Friday, July 21, 2006

Fight! Fight! Fight!

Googlefight compares the popularity of searches on Google. So for example, put BBC News and Guardian Unlimited up against other and see who wins.

Thursday, July 20, 2006

U R Hell

Here's a list of unfortunate urls that need a bit of re-thinking. They include:

Need a therapist? Try Therapist Finder at


A site called ‘Who Represents‘ where you can find the name of the agent that represents a celebrity. Their domain name… wait for it… is

Friday, July 14, 2006

Build your own search engine.

Here's a bit of Friday fun. It may have taken many years, big brains and much cash to develop Google but in moments the whole search engine could be yours. You can change it so the Google banner is replaced with your name. Go here to give it a go.

Thursday, July 13, 2006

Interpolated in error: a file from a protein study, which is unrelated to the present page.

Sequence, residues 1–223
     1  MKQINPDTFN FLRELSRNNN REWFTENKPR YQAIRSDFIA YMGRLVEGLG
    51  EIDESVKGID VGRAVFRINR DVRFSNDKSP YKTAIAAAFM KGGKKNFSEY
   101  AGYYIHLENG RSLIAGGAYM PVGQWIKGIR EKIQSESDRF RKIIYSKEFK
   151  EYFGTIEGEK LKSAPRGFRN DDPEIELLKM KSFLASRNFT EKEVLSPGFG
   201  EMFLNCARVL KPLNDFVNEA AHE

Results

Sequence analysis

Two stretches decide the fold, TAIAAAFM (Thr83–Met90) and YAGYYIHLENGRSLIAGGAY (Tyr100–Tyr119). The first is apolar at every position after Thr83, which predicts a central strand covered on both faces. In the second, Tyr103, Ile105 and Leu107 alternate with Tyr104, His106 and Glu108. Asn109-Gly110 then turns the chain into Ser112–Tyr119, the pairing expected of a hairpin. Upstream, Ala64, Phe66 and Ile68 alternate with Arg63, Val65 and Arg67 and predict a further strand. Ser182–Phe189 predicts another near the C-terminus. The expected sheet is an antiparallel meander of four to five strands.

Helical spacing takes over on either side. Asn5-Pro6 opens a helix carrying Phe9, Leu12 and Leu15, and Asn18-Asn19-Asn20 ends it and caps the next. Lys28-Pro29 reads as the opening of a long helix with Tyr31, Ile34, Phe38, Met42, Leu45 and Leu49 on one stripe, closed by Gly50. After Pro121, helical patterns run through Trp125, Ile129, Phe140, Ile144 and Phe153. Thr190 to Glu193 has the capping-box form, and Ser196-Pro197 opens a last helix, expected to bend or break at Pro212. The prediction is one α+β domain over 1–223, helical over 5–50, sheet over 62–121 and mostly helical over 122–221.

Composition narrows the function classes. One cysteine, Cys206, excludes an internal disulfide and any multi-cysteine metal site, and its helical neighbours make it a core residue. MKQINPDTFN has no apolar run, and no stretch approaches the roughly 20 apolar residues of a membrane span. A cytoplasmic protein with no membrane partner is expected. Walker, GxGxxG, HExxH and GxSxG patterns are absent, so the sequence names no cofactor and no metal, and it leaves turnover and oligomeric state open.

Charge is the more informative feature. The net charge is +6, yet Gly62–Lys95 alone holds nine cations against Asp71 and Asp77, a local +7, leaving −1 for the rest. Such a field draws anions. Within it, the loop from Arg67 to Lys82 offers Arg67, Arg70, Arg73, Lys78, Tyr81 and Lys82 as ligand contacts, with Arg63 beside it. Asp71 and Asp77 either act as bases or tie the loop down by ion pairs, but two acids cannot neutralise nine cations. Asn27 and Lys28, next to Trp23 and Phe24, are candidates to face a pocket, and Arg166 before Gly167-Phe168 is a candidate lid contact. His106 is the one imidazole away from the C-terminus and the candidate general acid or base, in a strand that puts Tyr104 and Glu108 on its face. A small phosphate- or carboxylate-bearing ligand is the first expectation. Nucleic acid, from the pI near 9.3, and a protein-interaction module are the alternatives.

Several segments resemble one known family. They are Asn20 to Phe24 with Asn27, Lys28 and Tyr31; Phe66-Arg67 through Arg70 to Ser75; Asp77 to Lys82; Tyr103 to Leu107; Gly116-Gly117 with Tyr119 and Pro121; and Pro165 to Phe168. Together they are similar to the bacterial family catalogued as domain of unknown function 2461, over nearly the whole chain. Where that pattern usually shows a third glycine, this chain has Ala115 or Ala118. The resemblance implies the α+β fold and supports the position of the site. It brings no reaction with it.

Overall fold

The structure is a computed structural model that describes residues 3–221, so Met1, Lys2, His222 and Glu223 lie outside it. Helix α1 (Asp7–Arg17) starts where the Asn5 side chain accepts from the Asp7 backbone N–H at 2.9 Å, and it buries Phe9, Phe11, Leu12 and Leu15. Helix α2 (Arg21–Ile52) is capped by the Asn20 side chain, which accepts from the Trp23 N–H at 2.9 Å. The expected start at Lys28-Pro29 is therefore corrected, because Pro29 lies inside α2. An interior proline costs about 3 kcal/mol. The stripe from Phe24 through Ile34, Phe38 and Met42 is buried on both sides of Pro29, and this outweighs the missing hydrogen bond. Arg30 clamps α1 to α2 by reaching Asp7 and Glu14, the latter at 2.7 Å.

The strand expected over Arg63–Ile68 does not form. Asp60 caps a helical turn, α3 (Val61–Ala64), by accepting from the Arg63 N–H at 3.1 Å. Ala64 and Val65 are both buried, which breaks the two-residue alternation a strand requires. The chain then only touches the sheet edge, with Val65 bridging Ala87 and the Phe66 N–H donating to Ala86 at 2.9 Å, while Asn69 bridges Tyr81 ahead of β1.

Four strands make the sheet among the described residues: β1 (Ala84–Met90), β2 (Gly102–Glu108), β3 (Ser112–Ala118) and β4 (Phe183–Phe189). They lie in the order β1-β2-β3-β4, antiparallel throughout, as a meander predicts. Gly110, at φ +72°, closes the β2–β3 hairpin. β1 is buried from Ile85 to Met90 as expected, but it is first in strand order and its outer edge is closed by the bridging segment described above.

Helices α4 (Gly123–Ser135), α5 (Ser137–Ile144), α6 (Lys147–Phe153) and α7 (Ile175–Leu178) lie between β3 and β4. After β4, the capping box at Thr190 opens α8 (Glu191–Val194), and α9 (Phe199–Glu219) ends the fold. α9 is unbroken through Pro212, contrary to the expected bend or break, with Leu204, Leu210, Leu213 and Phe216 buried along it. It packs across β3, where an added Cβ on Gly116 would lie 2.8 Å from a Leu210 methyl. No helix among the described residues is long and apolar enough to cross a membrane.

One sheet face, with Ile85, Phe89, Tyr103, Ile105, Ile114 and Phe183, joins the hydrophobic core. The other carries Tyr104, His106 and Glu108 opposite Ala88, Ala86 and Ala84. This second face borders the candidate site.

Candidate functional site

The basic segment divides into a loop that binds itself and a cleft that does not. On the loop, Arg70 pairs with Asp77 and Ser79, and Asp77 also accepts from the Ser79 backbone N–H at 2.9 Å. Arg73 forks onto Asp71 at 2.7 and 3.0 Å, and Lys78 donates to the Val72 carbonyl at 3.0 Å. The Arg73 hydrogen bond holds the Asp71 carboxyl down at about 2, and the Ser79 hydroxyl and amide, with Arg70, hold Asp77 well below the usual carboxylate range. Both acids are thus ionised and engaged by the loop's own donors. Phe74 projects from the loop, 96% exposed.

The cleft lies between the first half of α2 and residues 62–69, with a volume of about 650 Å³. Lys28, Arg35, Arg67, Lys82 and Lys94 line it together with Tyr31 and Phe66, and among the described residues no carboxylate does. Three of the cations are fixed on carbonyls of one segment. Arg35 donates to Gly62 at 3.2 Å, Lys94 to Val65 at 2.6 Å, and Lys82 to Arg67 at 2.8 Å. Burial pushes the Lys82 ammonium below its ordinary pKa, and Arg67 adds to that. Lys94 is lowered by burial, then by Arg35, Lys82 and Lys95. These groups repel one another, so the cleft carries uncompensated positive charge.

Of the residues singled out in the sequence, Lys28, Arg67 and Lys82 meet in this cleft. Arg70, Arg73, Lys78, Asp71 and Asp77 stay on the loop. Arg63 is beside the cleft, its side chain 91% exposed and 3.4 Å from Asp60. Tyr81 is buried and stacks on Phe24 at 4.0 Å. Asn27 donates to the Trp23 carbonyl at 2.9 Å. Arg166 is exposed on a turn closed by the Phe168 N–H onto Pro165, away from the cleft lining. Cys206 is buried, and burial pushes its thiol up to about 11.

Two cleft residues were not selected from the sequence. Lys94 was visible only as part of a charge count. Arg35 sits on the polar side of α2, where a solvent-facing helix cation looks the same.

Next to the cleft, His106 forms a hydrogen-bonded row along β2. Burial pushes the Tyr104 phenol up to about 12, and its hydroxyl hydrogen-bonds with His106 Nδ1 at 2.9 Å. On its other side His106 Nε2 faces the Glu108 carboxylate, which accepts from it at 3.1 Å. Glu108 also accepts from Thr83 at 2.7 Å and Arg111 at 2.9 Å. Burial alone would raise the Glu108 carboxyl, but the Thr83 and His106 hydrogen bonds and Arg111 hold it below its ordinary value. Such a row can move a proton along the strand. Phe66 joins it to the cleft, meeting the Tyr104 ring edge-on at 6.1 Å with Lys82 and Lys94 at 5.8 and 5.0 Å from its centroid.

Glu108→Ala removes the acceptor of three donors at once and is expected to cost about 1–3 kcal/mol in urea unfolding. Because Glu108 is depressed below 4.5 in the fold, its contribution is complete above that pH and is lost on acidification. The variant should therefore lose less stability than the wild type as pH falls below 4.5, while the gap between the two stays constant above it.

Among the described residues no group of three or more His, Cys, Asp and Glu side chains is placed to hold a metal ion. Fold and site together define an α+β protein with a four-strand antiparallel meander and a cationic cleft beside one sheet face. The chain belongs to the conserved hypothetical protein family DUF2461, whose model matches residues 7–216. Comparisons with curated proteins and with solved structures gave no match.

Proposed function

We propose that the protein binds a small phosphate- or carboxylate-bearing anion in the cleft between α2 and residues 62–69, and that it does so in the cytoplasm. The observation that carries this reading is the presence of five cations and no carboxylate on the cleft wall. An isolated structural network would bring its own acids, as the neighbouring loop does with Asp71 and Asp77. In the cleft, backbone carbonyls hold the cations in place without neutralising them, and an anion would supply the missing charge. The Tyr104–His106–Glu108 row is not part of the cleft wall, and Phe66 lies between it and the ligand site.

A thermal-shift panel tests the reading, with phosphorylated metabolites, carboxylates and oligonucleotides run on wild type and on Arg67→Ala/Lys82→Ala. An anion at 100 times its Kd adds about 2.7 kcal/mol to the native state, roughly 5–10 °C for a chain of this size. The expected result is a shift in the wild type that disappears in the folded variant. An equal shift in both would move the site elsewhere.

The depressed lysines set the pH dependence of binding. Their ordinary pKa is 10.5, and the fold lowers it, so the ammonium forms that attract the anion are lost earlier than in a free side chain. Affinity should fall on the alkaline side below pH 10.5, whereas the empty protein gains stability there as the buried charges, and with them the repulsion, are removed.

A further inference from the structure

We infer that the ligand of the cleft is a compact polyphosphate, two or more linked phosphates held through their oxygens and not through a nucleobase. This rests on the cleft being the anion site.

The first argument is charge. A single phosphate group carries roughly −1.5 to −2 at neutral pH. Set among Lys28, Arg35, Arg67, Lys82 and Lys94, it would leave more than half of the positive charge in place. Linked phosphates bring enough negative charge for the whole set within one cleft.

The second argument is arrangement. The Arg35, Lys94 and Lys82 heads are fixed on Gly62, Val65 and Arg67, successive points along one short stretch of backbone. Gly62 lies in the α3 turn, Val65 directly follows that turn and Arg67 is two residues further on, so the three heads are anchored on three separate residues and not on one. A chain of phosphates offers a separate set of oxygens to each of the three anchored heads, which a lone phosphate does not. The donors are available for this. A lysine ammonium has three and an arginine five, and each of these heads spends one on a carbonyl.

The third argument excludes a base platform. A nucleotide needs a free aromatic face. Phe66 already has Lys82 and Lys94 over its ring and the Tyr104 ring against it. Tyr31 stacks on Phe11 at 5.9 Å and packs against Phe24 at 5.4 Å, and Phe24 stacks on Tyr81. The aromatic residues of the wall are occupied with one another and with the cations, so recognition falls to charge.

How to become a librarian.

The Times have produced a short article on how to become a librarian. It will be news to some journalists and lawyers that I've worked for that not only do you have to "have a degree to be a librarian!?!?" you also need a masters as well(?!!!).

Tuesday, July 11, 2006

Are you reading the news?

Apparently news stories on the web are barely read by anyone 36 hours after they were posted. That's the message from a team of statistical physicists at the University of Notre Dame in the US and colleagues in Hungary who have analysed how people access information online. The short life of a news item implies that people could miss significant news by not visiting the site when a new document is first displayed, which is a good reason for publishers providing e-mail news alerts. The full story on physicsweb.

Wednesday, July 05, 2006

Washington Post News Research Center

Deborah Howell, The Washington Post's Ombudsman, has written a great column on the Washington Post News Research Center. I don't thnk you could better the quote (from the Center director) that research staff are "news junkies, who see themselves not just as librarians but journalists finding and analyzing original documents, tracking people down, finding leads, using obscure databases."